I'm going to waver from my usual roller tappet song and dance here and suggest a low-cost hydraulic flat tappet cam because we're going to use the stock L31 valve springs and retainers. Our rpm limit with this motor will be 5000, so we don't need to do any changes to the heads except maybe replacing the seals, unless of course if you want to pony up 60 bucks for fresh springs. Chevrolet says if you want to keep some safety margin (total of 0.050" between the 5 coils), then you should limit valve lift to 0.430". We can move into the margin a little with this low rpm motor and use a cam with 0.450" lift if we need to. I would advise against the use of an extreme energy type cam and also against the use of rockers in excess of 1.5:1 ratio in this build.
Crane has a cam that uses easy ramps and will fall right into the static compression ratio range we will use in this motor. #10017 has an operating range of 1800-5400. Here's the 100172 kit which includes lifters. Always buy your lifters with the camshaft....that way you know they were produced by the camshaft grinder, not some fosdick Chinese outfit....
Crane's description says the cam needs a 2500 converter, but with the amount of torque we're gonna produce down low, I'd be thinkin' stock converter and a 3.50 gear. The lobe separation angle of 106 degrees will give us the bottom end bias we need and the 0.450" theoretical lift will work with our stock springs and retainers. Be sure to use feeler gauges between the spring coils at full valve lift to insure that the springs don't stack solid. In theory, they shouldn't, but theory doesn't always agree with reality. Use 16-18 degrees of ignition lead at the crank with an additional amount at the weights to bring the total initial and centrifugal to 34 degrees. That's all you need with these heads. You need more at the crank than you would with a stock cam though, for the motor to idle properly. We need to bring the idle down for use with a stock converter so we don't have to stand on the brake pedal at stoplights.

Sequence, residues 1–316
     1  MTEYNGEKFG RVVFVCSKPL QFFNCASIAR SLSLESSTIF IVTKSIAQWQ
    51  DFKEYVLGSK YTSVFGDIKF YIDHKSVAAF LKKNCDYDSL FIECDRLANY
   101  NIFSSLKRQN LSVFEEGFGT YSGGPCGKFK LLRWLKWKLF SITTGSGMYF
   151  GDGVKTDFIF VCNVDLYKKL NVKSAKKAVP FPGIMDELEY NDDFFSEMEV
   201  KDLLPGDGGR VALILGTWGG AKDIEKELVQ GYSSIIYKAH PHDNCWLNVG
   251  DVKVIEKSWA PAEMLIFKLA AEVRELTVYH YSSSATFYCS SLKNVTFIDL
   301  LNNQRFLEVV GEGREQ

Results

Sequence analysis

OK, we have a long block. Now, let's bolt on an Edelbrock Performer RPM intake manifold and top it off with a rebuilt Edelbrock Thunder series AVS 650 CFM, manual choke carburetor #1805. Also get the Edelbrock choke cable #8013.
Mount a 14" x 4" air filter on top. Stack two 14 x 2's if you can't find a 4" thick element. This motor needs to breathe. Speaking of that, bolt on a pair of equal-length, long-tube 1 3/4" headers and fashion either an X or an H pipe right after the collectors. Mufflers of your choice, but run the pipes to the rear of the car. Nothing is more "trailer park" than terminating the pipes under the car .
RPM HP TQ
1500 122 426
2000 174 457
2500 217 457
3000 268 470
3500 315 475
4000 354 465
4500 380 441
5000 373 392
5500 326 311
There you have it boys and girls, a tire-shredding motor with a "flat-as-a-table" torque curve and a cam that will have a slightly rough idle so the OP can pose cool down at the Sonic Drive-In.
The OP should read this tutorial over as many times as it takes to make good sense of it and understand completely what it says......
|05-31-2011 02:13 PM|
Apology accepted Mark, no hard feelings.
To the others, I took it for granted that what anyone says is an opinion hence I provided 3 backups to my findings and experiences with 400 sbc’s.
Maybe more of you should read with an open mind before jumping to conclusions. 2 days after the original poster asked the question and re-asked the question, I was the only one giving suggestions while the fireworks were on, finally ChevelleSS LS6 had some positive input to the original poster so thank you.